Worth the Risk? Thoughts on the Music of Eric Mandat and the 2014 Colorado Clarinet Days Composers Competition

clarinet3At the Colorado Clarinet Days Composers Competition concert in September, I had the unique opportunity to hear three new works for solo clarinet by emerging composers – including myself – alongside the music of veteran composer and clarinetist Eric Mandat. This experience initiated a great deal of reflection on my part about what it means to write well for a particular instrument, and whether composers ought to push the technical capabilities of an instrument to their outer limits, or stay within friendlier parameters. The works I heard on this concert made convincing arguments for both approaches, making this question a difficult one to resolve.

Of all the works on this concert, Mandat’s works were the most impressive and also the most technically challenging. The Jungle (1989), performed by Jacob Beeman, necessitated circular breathing and involved the very unusual extended technique of muffling the bell of the instrument using a pillow that the performer held between his knees. The Moon in My Window (2007)which Mandat performed himself, also presented special technical challenges; this delightfully whimsical yet extraordinarily difficult piece involves copious multiphonics, many of which seemed highly unpredictable. Mandat executed these with incredible skill, but I sensed that many of these multiphonics were very difficult to control. I found Mandat’s works very satisfying in terms of their overall shape, pitch content, and musicality, but I was also a bit awed by the difficulty level of these works, and reflected that very few clarinetists possess some of the specialized skills that Mandat’s works demand. For example, not all clarinetists can circular breathe, and I suspect that a large number of the multiphonics in The Moon In My Window are only obtainable with very skillful adjustments of the oral cavity. Still, the performances and the works themselves made a convincing argument in favor of taking such risks.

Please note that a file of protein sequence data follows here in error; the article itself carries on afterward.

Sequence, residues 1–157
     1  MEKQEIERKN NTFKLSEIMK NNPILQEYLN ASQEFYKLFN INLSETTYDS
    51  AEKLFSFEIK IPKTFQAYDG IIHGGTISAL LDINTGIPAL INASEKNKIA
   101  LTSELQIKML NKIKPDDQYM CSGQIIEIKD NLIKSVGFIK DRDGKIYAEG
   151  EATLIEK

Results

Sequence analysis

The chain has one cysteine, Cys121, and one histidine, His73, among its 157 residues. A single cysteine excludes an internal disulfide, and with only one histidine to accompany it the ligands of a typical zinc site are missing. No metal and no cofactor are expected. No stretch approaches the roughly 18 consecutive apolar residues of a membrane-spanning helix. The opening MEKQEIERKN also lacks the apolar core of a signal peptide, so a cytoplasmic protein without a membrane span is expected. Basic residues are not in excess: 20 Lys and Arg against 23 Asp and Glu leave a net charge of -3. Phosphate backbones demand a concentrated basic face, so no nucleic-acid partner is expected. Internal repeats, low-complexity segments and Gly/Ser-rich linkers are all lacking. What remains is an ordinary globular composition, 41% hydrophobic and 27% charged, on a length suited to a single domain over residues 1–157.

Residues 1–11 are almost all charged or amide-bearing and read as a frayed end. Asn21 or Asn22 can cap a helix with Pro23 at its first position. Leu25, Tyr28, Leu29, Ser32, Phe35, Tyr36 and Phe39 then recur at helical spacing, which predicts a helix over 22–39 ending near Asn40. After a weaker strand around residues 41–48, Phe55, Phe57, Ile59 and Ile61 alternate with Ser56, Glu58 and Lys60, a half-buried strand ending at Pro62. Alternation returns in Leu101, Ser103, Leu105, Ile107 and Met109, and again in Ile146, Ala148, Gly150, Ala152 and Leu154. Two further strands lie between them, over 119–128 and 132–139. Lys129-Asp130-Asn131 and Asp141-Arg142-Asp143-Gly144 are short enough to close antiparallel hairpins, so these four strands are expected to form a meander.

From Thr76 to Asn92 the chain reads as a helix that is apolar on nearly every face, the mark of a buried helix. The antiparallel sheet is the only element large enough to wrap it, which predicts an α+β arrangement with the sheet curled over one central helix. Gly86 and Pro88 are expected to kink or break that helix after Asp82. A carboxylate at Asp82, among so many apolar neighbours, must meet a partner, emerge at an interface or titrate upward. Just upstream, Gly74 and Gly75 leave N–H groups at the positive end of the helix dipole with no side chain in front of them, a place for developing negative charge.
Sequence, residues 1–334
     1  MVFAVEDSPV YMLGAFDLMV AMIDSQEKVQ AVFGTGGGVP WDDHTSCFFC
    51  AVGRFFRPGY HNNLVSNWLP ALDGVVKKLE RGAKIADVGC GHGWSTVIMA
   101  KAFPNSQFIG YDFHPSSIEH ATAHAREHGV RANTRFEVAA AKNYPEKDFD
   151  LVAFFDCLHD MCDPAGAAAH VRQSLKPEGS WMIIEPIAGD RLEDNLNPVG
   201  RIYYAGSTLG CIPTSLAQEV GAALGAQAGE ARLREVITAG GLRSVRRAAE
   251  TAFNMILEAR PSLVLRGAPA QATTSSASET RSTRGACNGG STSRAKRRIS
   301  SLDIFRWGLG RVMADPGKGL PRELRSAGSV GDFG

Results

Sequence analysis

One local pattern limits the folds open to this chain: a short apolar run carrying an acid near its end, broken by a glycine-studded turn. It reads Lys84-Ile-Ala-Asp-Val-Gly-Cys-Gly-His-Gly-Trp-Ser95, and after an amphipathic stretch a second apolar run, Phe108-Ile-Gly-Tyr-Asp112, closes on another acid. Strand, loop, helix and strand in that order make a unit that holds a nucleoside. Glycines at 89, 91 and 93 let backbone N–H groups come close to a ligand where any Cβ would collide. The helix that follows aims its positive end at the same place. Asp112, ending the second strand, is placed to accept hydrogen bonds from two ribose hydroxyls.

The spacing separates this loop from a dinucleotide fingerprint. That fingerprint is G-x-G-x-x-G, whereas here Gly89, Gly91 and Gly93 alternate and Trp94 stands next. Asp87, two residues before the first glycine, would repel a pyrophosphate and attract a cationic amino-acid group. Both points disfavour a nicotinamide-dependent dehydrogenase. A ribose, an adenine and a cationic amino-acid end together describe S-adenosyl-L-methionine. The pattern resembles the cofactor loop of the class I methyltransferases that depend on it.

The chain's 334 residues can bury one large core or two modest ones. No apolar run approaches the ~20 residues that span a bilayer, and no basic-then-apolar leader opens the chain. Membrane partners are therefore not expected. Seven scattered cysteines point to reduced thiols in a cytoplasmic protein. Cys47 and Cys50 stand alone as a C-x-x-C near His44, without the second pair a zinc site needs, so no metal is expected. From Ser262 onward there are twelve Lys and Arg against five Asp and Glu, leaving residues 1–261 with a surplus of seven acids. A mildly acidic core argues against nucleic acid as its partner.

With the sounds of Mandat’s unpredictable multiphonics – and the questions they raised – still ringing in my ears, the second half of the concert featuring the works of the three finalists commenced. I was very impressed with Ryan Kargoll’s Polvo Lunar, an atmospheric piece that also involved multiphonics. Kargoll’s work was given an excellent performance by Jacob Beeman that almost made the difficult moments sound “easy.” Still, as with Mandat’s works, I sensed that this was a technically difficult, risk-taking piece.

Multiphonics in Ryan Kargoll’s Polvo Lunar

My own piece, Devotions and Dialogues, enjoyed a highly skilled and thoughtful performance by Michael Moy, but just as I noted instances of technically challenging writing in Kargoll’s piece and in Mandat’s pieces, there were a few moments in my own piece (in particular, passages that made heavy use of the altissimo register) that made me question why I had made such great demands on the player. The execution of my piece was highly musical, virtuosic, and sensitive, but I sensed that my performer was anxious about the high potential for mishap in certain sections of the piece, and I felt strangely guilty about putting him in that situation.

Use of the altissimo register in
Sarah Perske’s Devotions and Dialogues
(audio to be posted soon)